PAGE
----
The ambiguity in the eighth example above is whether the emphasis is on the Object status of “my money” or on the whole word saying that whatever-it-is (the money, in this case) belongs to me and is the Object of the sentence—or, arguably, since this is a Possessive structure and can be perceived as a single unit, the emphasis is on the entire phrase “losh lethoth” (my money as an Object).

The ambiguity in the 10th example above is more straightforward. Does the speaker/writer intend to emphasize the direction the money is being taken/brought (just the Goal Case suffix, “–di”) or the whole word, “wehedi” (to the store)?

Exercises

Translate the following into English.

1  

Báa thi Araneshahóo sheshihoth?listen to this pronounced

2  

Bíi eril beth letho boshethuhóo, ra udethu wa.listen to this pronounced

3  

Bíi eril di ábedá wa, “Bóo damahóo ra ne ábabí.”listen to this pronounced

4  

Báa methel halá bebáath hiboha nedebenil; badehóo nedaba?listen to this pronounced

5  

Bíi ril eduthahá thóo ebaláthohóo yedeha, ra belidátho wa.listen to this pronounced

6  

Bíi eril ulanin Shuzéth edanethehóo, ra elamitheth wáa.listen to this pronounced

The new word we see in #5, “belidá” is not so intuitively obvious as many “–á” formations, though it becomes clearer when we consider that “–á” means not only “one who does” but also “one who makes or creates.” From “belid” (house) + “–á” (doer), it means “carpenter.”

Move the focus to the supplied word; translate into English before and after.

7  

Bíi aril shumáadehóo hosherídan Ána betha maridi wáa.listen to this pronounced

island

8  

Bíi ra bash ub; be uhudehóo hath menedebe wa.listen to this pronounced

balm

9  

Bíi eril wem Méri nemehóo imeya we.listen to this pronounced

lost

10  

Bíi Máyel zha lehóotho wa.listen to this pronounced

name

11  

Bíi delishe Bétheni olob rawáan izh sholanewáanehóo wáa.listen to this pronounced

weeping

12  

Báa rilrili shihóo bini lede Elízhabeth beth?listen to this pronounced

me

Notice, in #8, the phrase “hath menedebe” (literally, “many times”). This is the idiom (a phrase in one language that may not have the same meaning—or, indeed, any meaning at all—when translated word-for-word into another language) for the English word “often.” There is a related idiom for “seldom:” “hath nedebe” (literally, “few/several times”).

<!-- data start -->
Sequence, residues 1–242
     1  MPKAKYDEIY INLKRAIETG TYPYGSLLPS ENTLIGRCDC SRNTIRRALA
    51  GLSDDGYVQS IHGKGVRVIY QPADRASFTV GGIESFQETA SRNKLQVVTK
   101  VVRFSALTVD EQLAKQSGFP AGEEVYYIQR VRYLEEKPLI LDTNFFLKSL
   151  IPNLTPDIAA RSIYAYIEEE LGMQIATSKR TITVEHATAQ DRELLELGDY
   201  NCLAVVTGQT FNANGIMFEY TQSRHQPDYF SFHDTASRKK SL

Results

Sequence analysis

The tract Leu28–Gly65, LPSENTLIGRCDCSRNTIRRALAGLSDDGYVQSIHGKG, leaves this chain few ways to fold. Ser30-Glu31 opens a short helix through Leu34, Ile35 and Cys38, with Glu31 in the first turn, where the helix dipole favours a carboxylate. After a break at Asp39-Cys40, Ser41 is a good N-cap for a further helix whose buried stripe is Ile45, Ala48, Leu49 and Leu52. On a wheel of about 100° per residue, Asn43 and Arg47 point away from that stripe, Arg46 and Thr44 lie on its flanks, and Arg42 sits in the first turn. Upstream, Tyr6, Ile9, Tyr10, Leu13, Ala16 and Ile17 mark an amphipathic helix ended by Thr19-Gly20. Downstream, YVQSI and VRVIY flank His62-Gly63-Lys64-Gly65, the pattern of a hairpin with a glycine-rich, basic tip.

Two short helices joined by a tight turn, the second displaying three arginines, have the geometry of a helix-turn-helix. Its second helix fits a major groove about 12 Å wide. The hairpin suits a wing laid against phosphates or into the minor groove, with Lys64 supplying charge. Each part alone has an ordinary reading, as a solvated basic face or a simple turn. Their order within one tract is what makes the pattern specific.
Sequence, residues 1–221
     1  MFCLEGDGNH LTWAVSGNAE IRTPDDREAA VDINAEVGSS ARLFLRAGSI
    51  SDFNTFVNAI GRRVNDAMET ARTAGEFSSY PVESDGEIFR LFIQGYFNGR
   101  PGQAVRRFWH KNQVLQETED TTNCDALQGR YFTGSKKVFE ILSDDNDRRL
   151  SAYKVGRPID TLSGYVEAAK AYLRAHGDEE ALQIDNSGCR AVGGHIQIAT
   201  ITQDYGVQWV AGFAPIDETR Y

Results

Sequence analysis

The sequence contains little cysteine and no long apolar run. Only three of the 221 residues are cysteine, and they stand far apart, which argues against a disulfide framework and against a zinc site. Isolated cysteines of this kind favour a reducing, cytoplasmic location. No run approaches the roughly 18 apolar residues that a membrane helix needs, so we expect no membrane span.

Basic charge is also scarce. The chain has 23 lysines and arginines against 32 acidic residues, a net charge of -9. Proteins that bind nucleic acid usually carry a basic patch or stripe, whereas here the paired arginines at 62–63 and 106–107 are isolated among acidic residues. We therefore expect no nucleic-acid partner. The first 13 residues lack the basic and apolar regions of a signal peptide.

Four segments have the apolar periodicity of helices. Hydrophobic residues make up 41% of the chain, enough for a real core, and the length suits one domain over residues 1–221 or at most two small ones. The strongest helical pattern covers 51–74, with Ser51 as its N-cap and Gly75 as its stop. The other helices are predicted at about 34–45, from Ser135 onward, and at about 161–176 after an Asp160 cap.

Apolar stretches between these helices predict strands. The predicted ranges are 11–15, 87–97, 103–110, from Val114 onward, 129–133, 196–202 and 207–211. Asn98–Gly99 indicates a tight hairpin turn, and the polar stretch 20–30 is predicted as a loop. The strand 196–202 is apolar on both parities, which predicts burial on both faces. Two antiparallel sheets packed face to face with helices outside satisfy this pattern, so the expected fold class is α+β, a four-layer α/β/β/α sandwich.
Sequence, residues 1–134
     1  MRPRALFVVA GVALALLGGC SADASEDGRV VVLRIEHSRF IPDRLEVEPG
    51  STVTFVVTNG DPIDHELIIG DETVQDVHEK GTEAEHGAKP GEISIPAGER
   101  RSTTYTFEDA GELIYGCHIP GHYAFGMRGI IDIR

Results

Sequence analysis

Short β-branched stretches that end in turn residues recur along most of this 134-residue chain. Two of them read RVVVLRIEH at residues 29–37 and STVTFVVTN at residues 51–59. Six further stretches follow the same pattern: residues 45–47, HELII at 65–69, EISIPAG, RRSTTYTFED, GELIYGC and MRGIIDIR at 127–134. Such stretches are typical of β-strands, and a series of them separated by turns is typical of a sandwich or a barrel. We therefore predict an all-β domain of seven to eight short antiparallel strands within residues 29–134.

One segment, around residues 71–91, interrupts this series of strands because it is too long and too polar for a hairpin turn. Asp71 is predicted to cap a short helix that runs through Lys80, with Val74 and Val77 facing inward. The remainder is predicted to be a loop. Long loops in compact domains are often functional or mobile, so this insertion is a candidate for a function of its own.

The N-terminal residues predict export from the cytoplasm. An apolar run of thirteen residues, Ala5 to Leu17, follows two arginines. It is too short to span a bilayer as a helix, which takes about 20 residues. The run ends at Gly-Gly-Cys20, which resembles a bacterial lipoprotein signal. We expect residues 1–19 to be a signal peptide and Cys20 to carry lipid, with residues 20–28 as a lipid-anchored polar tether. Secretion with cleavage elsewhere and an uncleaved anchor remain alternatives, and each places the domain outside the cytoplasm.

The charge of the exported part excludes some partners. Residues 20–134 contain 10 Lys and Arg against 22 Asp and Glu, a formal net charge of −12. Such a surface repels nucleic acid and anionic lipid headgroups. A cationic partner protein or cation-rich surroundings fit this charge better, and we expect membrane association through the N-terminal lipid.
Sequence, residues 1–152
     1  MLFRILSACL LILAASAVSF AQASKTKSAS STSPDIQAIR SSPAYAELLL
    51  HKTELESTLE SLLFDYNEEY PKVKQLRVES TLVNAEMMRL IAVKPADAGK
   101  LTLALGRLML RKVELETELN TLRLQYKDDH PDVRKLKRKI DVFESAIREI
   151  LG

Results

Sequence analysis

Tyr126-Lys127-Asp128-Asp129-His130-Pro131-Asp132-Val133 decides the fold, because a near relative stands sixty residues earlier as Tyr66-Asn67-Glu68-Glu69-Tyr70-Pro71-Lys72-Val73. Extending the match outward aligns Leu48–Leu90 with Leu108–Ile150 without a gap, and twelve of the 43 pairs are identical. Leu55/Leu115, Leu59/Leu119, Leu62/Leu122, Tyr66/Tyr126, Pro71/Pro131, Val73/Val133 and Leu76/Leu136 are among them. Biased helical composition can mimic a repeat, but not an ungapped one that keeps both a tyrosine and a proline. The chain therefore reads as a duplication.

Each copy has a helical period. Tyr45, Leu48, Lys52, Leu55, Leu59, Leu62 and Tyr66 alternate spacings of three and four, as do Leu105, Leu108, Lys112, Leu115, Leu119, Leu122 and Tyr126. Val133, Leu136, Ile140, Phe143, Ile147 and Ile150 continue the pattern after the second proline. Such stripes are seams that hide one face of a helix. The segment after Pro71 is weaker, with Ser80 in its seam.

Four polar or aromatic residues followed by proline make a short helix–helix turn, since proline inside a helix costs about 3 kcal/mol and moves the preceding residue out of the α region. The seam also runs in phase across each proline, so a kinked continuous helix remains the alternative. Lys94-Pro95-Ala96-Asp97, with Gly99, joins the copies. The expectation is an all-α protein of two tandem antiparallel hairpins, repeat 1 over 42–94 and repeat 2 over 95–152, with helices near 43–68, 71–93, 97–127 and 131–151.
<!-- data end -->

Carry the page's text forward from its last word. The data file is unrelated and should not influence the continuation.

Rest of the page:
In #11, did you notice the phrase “olob rawáan?” The structure “ra + Case ending,” when used in place of a noun, means “nothing + Case” (in this instance it would mean “having no cause”), but when it follows a noun (as it does in this exercise), it reverses the meaning of the Case itself (in this instance “not because of” an injury). This same mechanism also can be used with other Cases; for example, we could say “lan raden” to mean “without (not accompanied by) friend(s), or “with rada” meaning “against the interests of a/the woman.”

Translate the following into Láadan.

13  

My family will go NORTH, not east, and meet you (many) at the plain.

14  

COURTESY, not being right, causes harmony (a lesson).

15  

There’s a GARDEN in the meadow! (celebratory)

16  

The pregnant woman SIGNED, rather than said, “Hello,” to her sibling.

17  

Matthew was ABLE to color the picture of a fish with a writing implement.

18  

Will Marsha ARRIVE at the farm during the evening?

Regarding #18: in English, we say that someone “arrives at” their destination; this seems like it would translate into a straightforward Place Case formation. In Láadan, however, “to arrive” is “nosháad” [no– (finish) + sháad (come/go)]. Sháad takes “the place one is coming/going to” as a Goal Case rather than a Place Case element. There is no reason why that case assignment would change by dint of the simple addition of the “finish” prefix. Therefore the phrase “at the farm” in #18 must be translated as “ábededi” rather than “√°bedeha.”

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Answers

1  

Does ARKANSAS have beach(es)?

2  

My house was of WOOD, not of stone.

3  

The farmer said, “Prithee don’t TOUCH the baby bird.”

4  

What MINERAL did the workers get among the (several) hills?

5  

The physician is the BAKER’s guest in the valley, not the carpenter’s.

6  

Suzette studied LINGUISTICS, not mathematics.

 

7  

Anna’s grand-niece is going to FLY to the island.

Bíi aril shumáad hosherídan Ána betha maridihóo wáa.listen to this pronounced

Anna’s grand-niece is going to fly to the ISLAND.

8  

Common sense is no balm; it is often a NUISANCE.

Bíi ra bash ubehóo; be uhud hath menedebe wa.listen to this pronounced

Common sense is no BALM; it is often a nuisance.

9  

Mary lost a PEARL while traveling (I dreamt).

Bíi eril wemehóo Méri nemeth imeya we.listen to this pronounced

Mary LOST a pearl while traveling (I dreamt).

10  

Michael is MY name (the name belonging to ME).

Bíi Máyel zhahóo letho wa.listen to this pronounced

Michael is my NAME.

11  

Bethany is weeping not from an injury but from ALONENESS.

Bíi delishehóo Bétheni olob rawáan izh sholanewáan wáa.listen to this pronounced

Bethany is WEEPing not because of an injury but because of aloneness.

12  

Might a gift from me PLEASE Elizabeth?

Báa rilrili shi bini lehóode Elízhabeth beth?listen to this pronounced

Might a gift from ME please Elizabeth?

 

13  

Bíi aril sháad onida letha hunedihóo, hene radi, i bithim neneth raboha wa.listen to this pronounced

14  

Bíidi nin shalehóo, ra dóon, shath wa.listen to this pronounced

15  

Bíilan ham déelahóo duneha wa.listen to this pronounced

16  

Bíi eril lishidehóo, di ra, wolawida wowith “Wil sha,” hena bethadi wáa.listen to this pronounced

17  

Bíi eril thadehóo dóliri Máthu dadem thilithuth thodinan wa.listen to this pronounced

18  

Báa aril nosháadehóo Másha ábededi háanáaleya obée?listen to this pronounced